Greed Over Fear?

Desperation is unattractive, and desperate greed – needing to have a big return, quickly – is dangerous when it comes to investing. But investors appear to be getting increasingly desperate to swing for home runs rather than to try for singles and doubles, if the increased stampeding of retail investors’ monies into equities is any indication. Again today, stocks rallied steadily for most of the day. As the S&P reaches a new 5-year high with every advance, and is not terribly far away from an all-time (not inflation-adjusted) high, investors are increasingly throwing caution to the wind and plunging back in to stocks. Blackrock’s CEO, Larry Fink, observed today that “…the move back into equities is one of the mega trends we witnessed in the fourth quarter, and that has continued into the first 15, 16 days of the year.”

According to Fink, investors are doing this because of disdain for bond returns, not because of a desire to go “risk on.” And yet, risk-on they are going. They are going risk-on with corporate margins at post-WWII highs and following a Q4 that will be exaggerated by the tax-related movement of income from Q1 into Q4 (for example, via the payment of special dividends), and a Q1 that will end up looking weaker than the underlying fundamentals really are. Are these desperate investors ready to see a few months of weak data when they’re buying in at the highs?

Today’s data offered both the good and the bad. The good was the December Housing Starts number, which achieved the highest level since 2008 (see chart, source Bloomberg). To be sure, building activity is nowhere near the levels that were common in the 1980s, 90s, and 00s, but it is recovering. This should continue, as the inventory of new homes is at a very low level. The bad was the January Philly Fed index, which was expected to rise but which instead declined. The index of current conditions (at -5.8%) is the worst for a January since 2009.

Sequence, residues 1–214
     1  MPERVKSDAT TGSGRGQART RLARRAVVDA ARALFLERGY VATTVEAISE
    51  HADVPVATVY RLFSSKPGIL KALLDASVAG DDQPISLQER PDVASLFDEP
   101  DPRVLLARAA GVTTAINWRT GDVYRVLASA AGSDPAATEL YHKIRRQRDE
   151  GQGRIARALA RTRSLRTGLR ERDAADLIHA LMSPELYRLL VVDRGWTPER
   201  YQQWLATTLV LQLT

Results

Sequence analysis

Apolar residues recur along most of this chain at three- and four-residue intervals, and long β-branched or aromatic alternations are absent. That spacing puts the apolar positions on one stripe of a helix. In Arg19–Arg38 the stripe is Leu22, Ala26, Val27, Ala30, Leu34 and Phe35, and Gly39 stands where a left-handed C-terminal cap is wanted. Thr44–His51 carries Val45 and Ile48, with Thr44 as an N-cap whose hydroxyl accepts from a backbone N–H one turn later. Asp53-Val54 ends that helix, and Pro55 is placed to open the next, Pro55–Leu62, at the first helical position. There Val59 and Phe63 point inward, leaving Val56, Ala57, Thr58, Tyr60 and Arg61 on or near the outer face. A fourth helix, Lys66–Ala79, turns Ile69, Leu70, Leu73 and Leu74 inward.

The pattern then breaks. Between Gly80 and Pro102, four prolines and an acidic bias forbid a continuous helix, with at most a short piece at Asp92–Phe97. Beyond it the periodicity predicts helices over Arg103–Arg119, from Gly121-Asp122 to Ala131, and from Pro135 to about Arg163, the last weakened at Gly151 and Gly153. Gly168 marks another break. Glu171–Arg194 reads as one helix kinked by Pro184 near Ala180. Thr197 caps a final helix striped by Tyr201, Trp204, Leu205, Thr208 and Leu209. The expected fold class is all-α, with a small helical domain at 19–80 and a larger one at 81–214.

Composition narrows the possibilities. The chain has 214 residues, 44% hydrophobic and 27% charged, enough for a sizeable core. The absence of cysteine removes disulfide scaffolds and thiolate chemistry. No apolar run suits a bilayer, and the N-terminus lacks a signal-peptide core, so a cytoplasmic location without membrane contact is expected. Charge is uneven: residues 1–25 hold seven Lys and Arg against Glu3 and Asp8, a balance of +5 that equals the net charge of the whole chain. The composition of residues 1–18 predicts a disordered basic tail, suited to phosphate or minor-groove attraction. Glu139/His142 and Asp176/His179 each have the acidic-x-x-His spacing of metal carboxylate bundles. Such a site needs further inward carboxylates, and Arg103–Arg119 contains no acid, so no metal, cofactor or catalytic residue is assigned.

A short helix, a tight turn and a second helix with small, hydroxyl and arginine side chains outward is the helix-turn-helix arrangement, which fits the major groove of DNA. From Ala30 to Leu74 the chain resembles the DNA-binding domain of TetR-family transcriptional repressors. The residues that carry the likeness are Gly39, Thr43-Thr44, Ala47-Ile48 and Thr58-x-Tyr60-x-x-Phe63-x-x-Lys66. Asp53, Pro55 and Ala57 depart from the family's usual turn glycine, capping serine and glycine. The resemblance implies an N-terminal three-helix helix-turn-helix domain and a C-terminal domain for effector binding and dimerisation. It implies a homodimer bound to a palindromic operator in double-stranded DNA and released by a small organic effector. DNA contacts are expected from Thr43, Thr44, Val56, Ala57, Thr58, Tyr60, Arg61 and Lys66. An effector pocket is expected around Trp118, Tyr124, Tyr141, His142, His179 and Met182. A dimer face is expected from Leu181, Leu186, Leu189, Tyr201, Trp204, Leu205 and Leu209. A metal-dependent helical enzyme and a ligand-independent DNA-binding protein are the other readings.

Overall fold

home starts

Much was made of the sharp decline in the Initial Claims figure, which was expected at 369k but instead came in at 335k. My advice is to ignore any Claims figure in the second half of December until late January, as the seasonal adjustment factors are actually much larger than the net number – that is, the report should have a huge error bar around the weekly number, which is a seasonally-adjusted figure. If this is why stocks rocketed higher, then the desperation is even more disturbing. No one ought to ever invest on the basis of a weekly economic number.


After yesterday’s CPI report, I expected to see a number of denunciations of “inflation-phobes,” and I was not disappointed. David Wessel’s column in the Wall Street Journal was one example. Although Wessel came to the wrong conclusion (he agreed with Bernanke that there isn’t “much evidence” that the monetary policy of the last several years is going to be inflationary), at least he did undertake to “weigh…arguments on the other side.”

But he almost lost me straightaway, when he said that “the link between the money supply and the inflation rate is hard to discern in data…” Take a look at the chart below (source: Enduring Investments) and tell me if it’s really hard to discern the link in the data.


Oh, and on a longer-term basis there is this, which I wrote about in this great article.


What is hard to discern in the data is any link between inflation and growth, other than the spurious one that comes from the fact that the 2008 crisis was caused by an implosion of housing prices, which then impacted core inflation with a lag. (See chart, source Bloomberg)

gdp vs core CPI

Or, more consonant with the NAIRU theory, any link between the unemployment rate and core inflation (see chart, source Bloomberg).

unemp versus core cpi

This last chart is fun. If you run core CPI as a function of the unemployment rate from 2000-2012, you get a good correlation that looks like the right thing. But again, it’s spurious: if you look at the same relationship from 1990-2000, you also get a good correlation…but exactly the opposite slope to the relationship (that is, implying that lower unemployment causes lower inflation). Showing them both together makes the point that…you can’t see much in this data.